Alumni to Honor Two Faculty for Research, Teaching Advancements During Founders' Weekend

Blake Wilson and Leonard White to receive awards for their contributions to society

Blake Wilson and Leonard White
Blake Wilson and Leonard White have advanced teaching and research on hearing and brain development.

Duke professors Blake S. Wilson B.S.E. ’74, Ph.D.’15 and Leonard White will be honored for their contributions to advancing research in the fields of hearing loss and brain development, respectively.

The awards will be presented by President Vincent E. Price and the Duke Alumni Association during Founders’ Weekend Sept. 26-28.

Wilson will receive the Distinguished Alumni Award, the Duke Alumni Association’s highest honor given to alumni who have made outstanding contributions in service to Duke and toward the betterment of humanity through their field of work.

White will receive the Alumni Distinguished Undergraduate Teaching Award, a student-selected award sponsored by the Alumni Association for a Duke professor who has excelled as a teacher, advisor and leader of undergraduate students.

As an electrical engineer, scientist and adjunct professor in Duke’s Department of Surgery, Wilson is credited with inventing many of the sound-processing capabilities of the modern cochlear implant, which allows individuals with profound deafness to hear again.

The cochlear implant uses electrical signals that circumvent damaged hair cells of the inner ear and instead are sent directly to the auditory nerve.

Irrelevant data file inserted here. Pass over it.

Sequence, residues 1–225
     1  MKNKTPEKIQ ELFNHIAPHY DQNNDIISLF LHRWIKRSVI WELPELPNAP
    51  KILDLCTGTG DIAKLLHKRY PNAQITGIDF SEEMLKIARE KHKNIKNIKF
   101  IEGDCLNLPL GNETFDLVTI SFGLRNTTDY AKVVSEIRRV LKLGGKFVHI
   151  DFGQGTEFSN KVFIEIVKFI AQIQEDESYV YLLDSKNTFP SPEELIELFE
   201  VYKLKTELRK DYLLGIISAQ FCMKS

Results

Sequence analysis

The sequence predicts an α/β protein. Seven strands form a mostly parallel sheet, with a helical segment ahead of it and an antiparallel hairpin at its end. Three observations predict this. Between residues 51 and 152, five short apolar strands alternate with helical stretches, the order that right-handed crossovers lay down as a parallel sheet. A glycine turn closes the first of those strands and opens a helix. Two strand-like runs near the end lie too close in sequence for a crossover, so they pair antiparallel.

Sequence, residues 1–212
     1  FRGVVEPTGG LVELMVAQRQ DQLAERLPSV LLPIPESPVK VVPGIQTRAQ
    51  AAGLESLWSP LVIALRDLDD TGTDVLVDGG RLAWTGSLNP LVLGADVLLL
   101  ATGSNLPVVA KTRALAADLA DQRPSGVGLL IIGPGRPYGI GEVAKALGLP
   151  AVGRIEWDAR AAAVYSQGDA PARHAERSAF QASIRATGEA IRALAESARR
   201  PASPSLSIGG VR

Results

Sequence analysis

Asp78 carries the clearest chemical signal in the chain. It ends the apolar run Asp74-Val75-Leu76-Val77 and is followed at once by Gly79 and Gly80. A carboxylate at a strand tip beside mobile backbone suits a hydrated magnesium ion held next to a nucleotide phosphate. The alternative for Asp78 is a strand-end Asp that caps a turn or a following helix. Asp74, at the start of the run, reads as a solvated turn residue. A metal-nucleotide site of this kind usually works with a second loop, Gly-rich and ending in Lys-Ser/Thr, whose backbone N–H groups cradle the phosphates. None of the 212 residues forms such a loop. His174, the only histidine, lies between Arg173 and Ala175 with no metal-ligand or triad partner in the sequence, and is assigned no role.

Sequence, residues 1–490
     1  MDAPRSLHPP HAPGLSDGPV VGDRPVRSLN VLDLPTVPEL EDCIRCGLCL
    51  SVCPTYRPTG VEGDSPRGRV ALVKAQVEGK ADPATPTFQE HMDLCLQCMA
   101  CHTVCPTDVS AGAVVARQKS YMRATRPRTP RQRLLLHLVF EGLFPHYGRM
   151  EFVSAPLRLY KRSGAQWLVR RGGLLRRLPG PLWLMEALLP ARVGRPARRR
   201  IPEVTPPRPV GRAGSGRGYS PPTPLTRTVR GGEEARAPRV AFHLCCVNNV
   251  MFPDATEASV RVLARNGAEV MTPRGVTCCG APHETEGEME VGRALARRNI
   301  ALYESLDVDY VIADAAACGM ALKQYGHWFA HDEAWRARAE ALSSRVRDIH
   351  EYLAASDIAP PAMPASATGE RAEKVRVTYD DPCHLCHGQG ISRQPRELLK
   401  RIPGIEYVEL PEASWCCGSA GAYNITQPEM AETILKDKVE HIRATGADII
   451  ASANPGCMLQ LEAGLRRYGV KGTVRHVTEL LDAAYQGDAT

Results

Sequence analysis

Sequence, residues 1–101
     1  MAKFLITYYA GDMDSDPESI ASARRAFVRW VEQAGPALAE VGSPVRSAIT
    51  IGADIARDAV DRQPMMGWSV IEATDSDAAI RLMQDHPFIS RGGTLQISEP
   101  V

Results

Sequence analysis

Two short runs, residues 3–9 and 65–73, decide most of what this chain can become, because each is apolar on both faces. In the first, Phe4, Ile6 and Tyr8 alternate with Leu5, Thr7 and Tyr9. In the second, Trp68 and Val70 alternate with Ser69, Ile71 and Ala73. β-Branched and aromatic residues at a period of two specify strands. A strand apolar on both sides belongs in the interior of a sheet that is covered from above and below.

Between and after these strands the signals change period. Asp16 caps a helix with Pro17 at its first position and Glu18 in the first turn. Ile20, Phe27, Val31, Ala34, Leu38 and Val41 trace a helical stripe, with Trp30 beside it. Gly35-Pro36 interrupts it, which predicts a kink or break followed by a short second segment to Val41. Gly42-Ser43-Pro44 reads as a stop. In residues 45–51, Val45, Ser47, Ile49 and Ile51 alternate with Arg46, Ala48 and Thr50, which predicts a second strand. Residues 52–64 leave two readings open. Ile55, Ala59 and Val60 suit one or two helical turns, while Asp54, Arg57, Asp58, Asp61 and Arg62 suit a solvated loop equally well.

In addition to his Distinguished Alumni Award, Wilson is the recipient of many prestigious awards, including the 2013 Lasker-DeBakey Clinical Medical Research Award for his contributions to the modern cochlear implant.

White, an associate professor in neurology and psychology and the director of education for the Duke Institute for Brain Sciences, is particularly interested in how the early stages of cognitive development for infants and children influences the formation of the brain later in life.

The field of neuroscience has been made even more fascinating for Duke students in White’s class because of the hands-on experience they get. As one undergraduate noted in White’s nomination, White’s class is the only one where the student could “hold a human brain in my hands.”

The Alumni Distinguished Undergraduate Teaching Award, solely selected by Duke undergraduates via a competitive nomination process, recognizes professors who are creative and clear in the classroom and who foster an environment for learning that promotes intellectual curiosity, personal growth and achievement.

Founders’ Weekend, which celebrates the founding of Duke and provides an opportunity each year for the university to reflect on its history, also recognizes major contributions by students, faculty, administrators and employees.